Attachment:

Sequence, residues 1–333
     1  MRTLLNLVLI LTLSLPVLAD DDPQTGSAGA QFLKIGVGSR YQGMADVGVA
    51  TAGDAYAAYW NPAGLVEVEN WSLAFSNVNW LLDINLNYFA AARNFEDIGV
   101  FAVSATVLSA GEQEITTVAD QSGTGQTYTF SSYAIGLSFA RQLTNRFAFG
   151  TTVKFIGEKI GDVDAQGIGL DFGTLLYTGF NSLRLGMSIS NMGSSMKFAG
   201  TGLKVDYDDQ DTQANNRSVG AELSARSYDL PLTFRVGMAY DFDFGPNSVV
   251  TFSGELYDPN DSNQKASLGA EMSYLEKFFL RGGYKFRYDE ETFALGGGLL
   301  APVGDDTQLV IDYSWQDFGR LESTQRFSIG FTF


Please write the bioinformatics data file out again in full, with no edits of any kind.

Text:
Sequence, residues 1–333
     1  MRTLLNLVLI LTLSLPVLAD DDPQTGSAGA QFLKIGVGSR YQGMADVGVA
    51  TAGDAYAAYW NPAGLVEVEN WSLAFSNVNW LLDINLNYFA AARNFEDIGV
   101  FAVSATVLSA GEQEITTVAD QSGTGQTYTF SSYAIGLSFA RQLTNRFAFG
   151  TTVKFIGEKI GDVDAQGIGL DFGTLLYTGF NSLRLGMSIS NMGSSMKFAG
   201  TGLKVDYDDQ DTQANNRSVG AELSARSYDL PLTFRVGMAY DFDFGPNSVV
   251  TFSGELYDPN DSNQKASLGA EMSYLEKFFL RGGYKFRYDE ETFALGGGLL
   301  APVGDDTQLV IDYSWQDFGR LESTQRFSIG FTF